The idea of using electricity to communicate over distance is said to have occurred to Samuel F. B. Morse during a conversation aboard ship when he was returning from Europe in 1832. The U.S. Government wanted a communication system along its entire Atlantic coast and offered a prize of $30,000 ($767,000 today) for a workable proposal.
By December 1837, Morse had enough confidence in his new system to apply for the federal government's appropriation, and during the next year he conducted demonstrations of his telegraph both in New York and Washington.
However, when the economic disaster known as the Panic of 1837 took hold of the nation and caused a long depression, Morse was forced to wait for better times. It was during this period that Morse visited Europe again and tried not only to secure patent protection overseas but to examine competing telegraph systems in England. After meeting Charles Wheatstone, the inventor of one such electric telegraph system, Morse realized that although his main competitor had built an ingenious mechanism, his own system was far simpler, more efficient, and easier to use.
Morse had hired the ingenious construction engineer Ezra Cornell to lay the pipe carrying the wire, and although Cornell did his job superbly, one of Morse's partners, Congressman F. O. J. Smith, had purchased wire with defective insulation. Too much time had been wasted laying bad wire, and with the project on a rigid deadline, something had to be done quickly. Cornell suggested that the fastest and cheapest way of connecting Washington and Baltimore was to string wires overhead on trees and poles. The desperate Morse gave the go-ahead, and the line was completed in time for the dramatic and spectacularly successful link between the Supreme Court chamber of the Capitol building and the railroad station in Baltimore.
Morse electrically transmitted his famous message "What hath God wrought?" from Washington to Baltimore on May 24, 1844.
|An 1844 Telegraph Key by Alfred Vail used to tap out Morse Code for messages.|
The telegraph, which received its first practical demonstration in 1844, came to Chicago in 1848. Telegraphy made possible instant communication with the East Coast, and eventually with the entire country.
Daily newspapers began publishing next-day accounts of speeches, elections, and battles, all furnished by telegraph. During the Great Chicago Fire of 1871, a telegram from the mayor brought fire-fighting equipment from Milwaukee; when it was over, citizens lined up at a makeshift Western Union office to inform alarmed friends and relatives that they had survived.
|July 25, 1850 - A Telegraph Communication|
|Each telegraph company ran their own wires directly to each subscriber. Depending upon the area, there could be a dozen telegraph companies laying lines from the same poles.|
|Telegraph Poles; Looking East from Clark Street, Chicago. May 10, 1869.|
Completion of the Transcontinental Railway Celebration.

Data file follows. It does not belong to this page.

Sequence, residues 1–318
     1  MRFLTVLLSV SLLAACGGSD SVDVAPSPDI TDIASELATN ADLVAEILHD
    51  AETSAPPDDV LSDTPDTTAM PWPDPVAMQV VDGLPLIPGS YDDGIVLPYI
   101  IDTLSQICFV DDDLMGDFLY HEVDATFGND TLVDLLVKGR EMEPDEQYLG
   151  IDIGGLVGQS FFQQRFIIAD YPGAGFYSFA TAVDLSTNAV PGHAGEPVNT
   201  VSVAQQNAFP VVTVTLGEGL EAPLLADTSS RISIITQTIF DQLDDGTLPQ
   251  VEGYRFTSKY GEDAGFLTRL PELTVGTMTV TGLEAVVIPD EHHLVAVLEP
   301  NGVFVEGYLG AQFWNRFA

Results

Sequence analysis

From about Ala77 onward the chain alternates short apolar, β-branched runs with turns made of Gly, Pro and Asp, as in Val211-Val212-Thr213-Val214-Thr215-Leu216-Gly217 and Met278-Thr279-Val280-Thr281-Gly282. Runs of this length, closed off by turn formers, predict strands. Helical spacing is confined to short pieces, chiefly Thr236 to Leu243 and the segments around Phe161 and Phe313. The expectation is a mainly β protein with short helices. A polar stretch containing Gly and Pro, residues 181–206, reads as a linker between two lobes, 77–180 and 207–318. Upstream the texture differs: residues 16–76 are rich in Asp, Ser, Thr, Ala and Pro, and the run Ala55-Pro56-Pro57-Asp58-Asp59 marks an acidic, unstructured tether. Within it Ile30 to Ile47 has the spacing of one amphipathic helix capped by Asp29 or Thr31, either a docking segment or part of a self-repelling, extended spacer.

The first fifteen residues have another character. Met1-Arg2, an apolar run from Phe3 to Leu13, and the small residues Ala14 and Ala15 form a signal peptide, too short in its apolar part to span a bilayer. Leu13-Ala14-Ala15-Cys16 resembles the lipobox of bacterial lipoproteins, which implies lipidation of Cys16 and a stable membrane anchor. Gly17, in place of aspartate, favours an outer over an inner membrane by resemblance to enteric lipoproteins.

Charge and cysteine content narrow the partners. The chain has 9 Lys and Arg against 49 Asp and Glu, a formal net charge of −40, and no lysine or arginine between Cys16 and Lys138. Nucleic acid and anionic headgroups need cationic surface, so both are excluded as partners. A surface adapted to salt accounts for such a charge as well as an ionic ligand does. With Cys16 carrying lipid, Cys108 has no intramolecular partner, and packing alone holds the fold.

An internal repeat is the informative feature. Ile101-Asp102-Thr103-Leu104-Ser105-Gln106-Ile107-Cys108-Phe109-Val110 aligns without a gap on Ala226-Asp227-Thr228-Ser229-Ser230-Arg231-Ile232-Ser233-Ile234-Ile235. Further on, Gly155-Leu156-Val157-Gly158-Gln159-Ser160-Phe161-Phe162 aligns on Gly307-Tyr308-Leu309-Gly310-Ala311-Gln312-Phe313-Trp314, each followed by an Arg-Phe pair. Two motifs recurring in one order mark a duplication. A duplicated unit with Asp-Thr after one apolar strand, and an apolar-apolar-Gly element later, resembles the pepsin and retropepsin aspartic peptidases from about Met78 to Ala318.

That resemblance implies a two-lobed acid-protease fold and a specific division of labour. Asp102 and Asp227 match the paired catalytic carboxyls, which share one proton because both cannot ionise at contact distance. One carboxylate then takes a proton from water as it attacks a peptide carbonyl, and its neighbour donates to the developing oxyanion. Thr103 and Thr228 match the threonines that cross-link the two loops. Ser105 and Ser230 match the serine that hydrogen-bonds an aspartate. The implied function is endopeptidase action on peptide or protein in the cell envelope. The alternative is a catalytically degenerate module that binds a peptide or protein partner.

|State and Lake, pre-1871 Chicago Fire.|
|70-foot telegraph poles were part of the cityscape in the early days.|
The period from 1866 through 1900 was the apex of Western Union’s telegraph power. Yearly messages, nationally, sent over its lines increased from 5.8 million in 1867 to 63.2 million in 1900. Over the same period, transmission rates fell from an average of $1.09 to 30¢ per message. Even with these lower prices, roughly 30¢ to 40¢ of every dollar of revenue were net profit for the company. Western Union faced three threats during this period: increased government regulation, new entrants into the field of telegraphy, and new competition from the telephone.
In 1869 private line service became available in Chicago, and the American District Telegraph Company soon offered affluent Chicagoans a home service allowing them to summon a firefighter, private policeman, or messenger. Telegraphic communication with other Chicagoans was facilitated by the company's network of neighborhood offices and messengers.
In 1880 the Chicago Police Department began using call boxes on the streets. Citizens could report crimes, though only after obtaining keys to the boxes, which were selectively distributed; relatively few crime reports were made. More important, the boxes facilitated official communication among the police. Patrolmen were obliged to make hourly “duty calls,” and were thus subject to stricter supervision. They could also summon a paddy-wagon in the event they made an arrest. The call boxes used an innovative combination of telegraphic signaling for routine messages and the telephone for unusual messages, a design adopted by police departments throughout the country.
|Telegraph operators with Barclay telegraph instruments, 1908.|
By 1940 Chicago had more than one million telephones in use, and 90 percent of fire alarms were telephoned to the Fire Department. Portable two-way radios finally rendered police call boxes obsolete, while other forms of telegraphy were largely superseded by more advanced electronic communications.
Compiled by Neil Gale, Ph.D.